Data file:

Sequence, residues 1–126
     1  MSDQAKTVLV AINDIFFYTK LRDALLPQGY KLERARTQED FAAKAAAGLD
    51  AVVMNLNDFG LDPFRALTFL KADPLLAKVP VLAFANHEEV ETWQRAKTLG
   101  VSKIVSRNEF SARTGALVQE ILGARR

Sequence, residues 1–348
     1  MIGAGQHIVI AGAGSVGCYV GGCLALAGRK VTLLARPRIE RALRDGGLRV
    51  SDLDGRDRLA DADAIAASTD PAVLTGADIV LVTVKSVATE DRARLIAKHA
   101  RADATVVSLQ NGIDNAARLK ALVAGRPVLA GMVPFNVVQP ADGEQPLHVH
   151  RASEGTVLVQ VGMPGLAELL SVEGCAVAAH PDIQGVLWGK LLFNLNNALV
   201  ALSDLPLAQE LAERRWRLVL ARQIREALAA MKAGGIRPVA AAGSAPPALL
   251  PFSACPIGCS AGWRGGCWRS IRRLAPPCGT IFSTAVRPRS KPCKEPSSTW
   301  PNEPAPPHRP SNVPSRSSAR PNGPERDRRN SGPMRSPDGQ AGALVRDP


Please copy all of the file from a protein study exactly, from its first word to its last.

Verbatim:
Sequence, residues 1–126
     1  MSDQAKTVLV AINDIFFYTK LRDALLPQGY KLERARTQED FAAKAAAGLD
    51  AVVMNLNDFG LDPFRALTFL KADPLLAKVP VLAFANHEEV ETWQRAKTLG
   101  VSKIVSRNEF SARTGALVQE ILGARR

Sequence, residues 1–348
     1  MIGAGQHIVI AGAGSVGCYV GGCLALAGRK VTLLARPRIE RALRDGGLRV
    51  SDLDGRDRLA DADAIAASTD PAVLTGADIV LVTVKSVATE DRARLIAKHA
   101  RADATVVSLQ NGIDNAARLK ALVAGRPVLA GMVPFNVVQP ADGEQPLHVH
   151  RASEGTVLVQ VGMPGLAELL SVEGCAVAAH PDIQGVLWGK LLFNLNNALV
   201  ALSDLPLAQE LAERRWRLVL ARQIREALAA MKAGGIRPVA AAGSAPPALL
   251  PFSACPIGCS AGWRGGCWRS IRRLAPPCGT IFSTAVRPRS KPCKEPSSTW
   301  PNEPAPPHRP SNVPSRSSAR PNGPERDRRN SGPMRSPDGQ AGALVRDP